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Accepting Arguments

Chapter 32. Accepting Arguments

One of the most important issues for language extensions is accepting and dealing with data passed via arguments. Most extensions are built to deal with specific input data (or require parameters to perform their specific actions), and function arguments are the only real way to exchange data between the PHP level and the C level. Of course, there's also the possibility of exchanging data using predefined global values (which is also discussed later), but this should be avoided by all means, as it's extremely bad practice.

PHP doesn't make use of any formal function declarations; this is why call syntax is always completely dynamic and never checked for errors. Checking for correct call syntax is left to the user code. For example, it's possible to call a function using only one argument at one time and four arguments the next time - both invocations are syntactically absolutely correct.

Determining the Number of Arguments

Since PHP doesn't have formal function definitions with support for call syntax checking, and since PHP features variable arguments, sometimes you need to find out with how many arguments your function has been called. You can use the ZEND_NUM_ARGS macro in this case. In previous versions of PHP, this macro retrieved the number of arguments with which the function has been called based on the function's hash table entry, ht, which is passed in the INTERNAL_FUNCTION_PARAMETERS list. As ht itself now contains the number of arguments that have been passed to the function, ZEND_NUM_ARGS has been stripped down to a dummy macro (see its definition in zend_API.h). But it's still good practice to use it, to remain compatible with future changes in the call interface. Note: The old PHP equivalent of this macro is ARG_COUNT.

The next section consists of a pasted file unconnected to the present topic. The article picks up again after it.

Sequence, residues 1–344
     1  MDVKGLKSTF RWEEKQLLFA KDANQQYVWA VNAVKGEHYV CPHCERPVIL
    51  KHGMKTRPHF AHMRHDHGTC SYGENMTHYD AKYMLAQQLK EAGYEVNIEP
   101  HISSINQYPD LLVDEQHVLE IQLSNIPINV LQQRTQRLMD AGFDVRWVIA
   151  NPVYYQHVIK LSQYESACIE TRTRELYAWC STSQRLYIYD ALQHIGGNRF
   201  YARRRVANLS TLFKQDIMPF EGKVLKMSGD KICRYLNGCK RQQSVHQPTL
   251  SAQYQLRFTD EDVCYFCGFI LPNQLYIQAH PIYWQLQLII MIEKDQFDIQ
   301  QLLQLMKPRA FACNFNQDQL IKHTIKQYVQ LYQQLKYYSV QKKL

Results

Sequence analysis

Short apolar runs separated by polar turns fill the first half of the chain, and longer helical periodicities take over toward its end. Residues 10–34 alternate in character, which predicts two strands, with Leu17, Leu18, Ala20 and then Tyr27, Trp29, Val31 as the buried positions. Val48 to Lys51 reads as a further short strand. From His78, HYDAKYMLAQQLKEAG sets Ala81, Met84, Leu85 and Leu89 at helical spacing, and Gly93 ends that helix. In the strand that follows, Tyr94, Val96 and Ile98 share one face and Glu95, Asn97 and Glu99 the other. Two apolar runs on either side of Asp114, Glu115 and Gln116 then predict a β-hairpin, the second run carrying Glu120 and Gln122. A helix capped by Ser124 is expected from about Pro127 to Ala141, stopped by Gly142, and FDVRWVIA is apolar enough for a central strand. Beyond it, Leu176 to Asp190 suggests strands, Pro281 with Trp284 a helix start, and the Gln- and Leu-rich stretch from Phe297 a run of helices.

The following code checks for the correct number of arguments:

if(ZEND_NUM_ARGS() != 2) WRONG_PARAM_COUNT;
If the function is not called with two arguments, it exits with an error message. The code snippet above makes use of the tool macro WRONG_PARAM_COUNT, which can be used to generate a standard error message (see Figure 32-1).

Figure 32-1. WRONG_PARAM_COUNT in action.

This macro prints a default error message and then returns to the caller. Its definition can also be found in zend_API.h and looks like this:

ZEND_API void wrong_param_count(void);

#define WRONG_PARAM_COUNT { wrong_param_count(); return; }
As you can see, it calls an internal function named wrong_param_count() that's responsible for printing the warning. For details on generating customized error messages, see the later section "Printing Information."